Gather around the soda fountain, folks. Movies Silently is having a Classic Movie Ice Cream Social, where: “All you need to do is review a movie that has a sunny plot or has the power to cheer you up when you’re feeling down.” Well, never has a movie come more immediately to mind than my contribution to this blogathon:
Yeah…it’s /\ THAT /\ big. When I need to be cheered up from Life’s doldrums, my immediate remedy is “SEND ME NO FLOWERS.” It is an immediate pick-me-up for whatever ails me, and can be for you as well. I’ve got what the doctor ordered. I first saw this movie back in 1964 when my family went to the Whitestone Drive-In in the Bronx. Ever since, when I was down in the dumps from some pain in the neck supervisor ( I’m retired now ) or pain in the heart relationship ( that I probably engineered! ) “Send Me No Flowers” is my go-to film.
The main ingredient is simply…DORIS DAY. From “Romance On the High Seas” to “Calamity Jane” to “Tea for Two” she is pure sunshine. Her pep and perkiness is not meant to annoy you ( you heartless reader you! ) Her screen persona is warm and friendly and open you’d have to be a hard-hearted Hannah to resist. Now this is not to say Day is not a complex woman or couldn’t play complex parts. I thought she exhibited that well in “Love Me or Leave Me” or “Julie” as women trying to navigate within an abusive relationship. She’s a triple / quadruple threat. She could sing, dance, do comedy or drama. I’m not only in thinking she should have won an Oscar before now, probably punished because she made things look easy. I’m not alone and it’s not too late to award her an honorary Oscar. My friend Aurora of Once Upon A Screen makes a great case for honoring Doris Day if you check it out here.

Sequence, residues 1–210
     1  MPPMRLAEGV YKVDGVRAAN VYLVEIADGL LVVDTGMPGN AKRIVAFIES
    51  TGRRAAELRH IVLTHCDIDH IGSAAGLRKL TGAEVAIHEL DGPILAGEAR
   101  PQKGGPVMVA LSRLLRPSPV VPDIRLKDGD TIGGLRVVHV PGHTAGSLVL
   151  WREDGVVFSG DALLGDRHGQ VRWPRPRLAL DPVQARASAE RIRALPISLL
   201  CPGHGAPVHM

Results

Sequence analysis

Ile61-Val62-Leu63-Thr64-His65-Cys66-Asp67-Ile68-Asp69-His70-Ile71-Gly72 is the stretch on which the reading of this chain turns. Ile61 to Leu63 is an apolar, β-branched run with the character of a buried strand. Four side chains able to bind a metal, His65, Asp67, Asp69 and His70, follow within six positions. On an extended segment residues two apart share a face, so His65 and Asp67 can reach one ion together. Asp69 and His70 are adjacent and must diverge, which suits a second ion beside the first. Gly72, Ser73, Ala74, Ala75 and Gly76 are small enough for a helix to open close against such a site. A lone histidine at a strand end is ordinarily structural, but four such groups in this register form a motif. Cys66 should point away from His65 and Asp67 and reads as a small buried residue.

ROCK HUDSON shines nicely in “Send Me No Flowers.” Tall, dark and devastatingly handsome, he was IT in the 1950’s. His looks probably blinded folks to what a good actor he was while they were enamored with the mumbling, tortured performances of Brando-Clift and Dean. Hudson’s a strong romantic lead. And he doesn’t mind looking a little foolish…being caught being kissed by a new divorcee ( Patricia Barry )…or being slapped and getting dosed with a hot water bottle or a pail full of pills and medication. He doesn’t even mind standing next to the mountainous 6’6” Clint Walker. << Sigh! >> Rock Hudson wears comedy very well.
The plot? A hypochondriac ( Hudson ) mistakenly believes he’s got just a few months to live. So he tries to find a new husband for his wife ( Day ). This is a great plot, excellently constructed and executed. If it were set in the 30’s it could star Cary Grant and Irene Dunne. Even looking at it with 21st century eyes the movie doesn’t feel dated. Mistaken circumstances lead everyone down the garden path. Hudson’s best friend and neighbor is played by Tony Randall.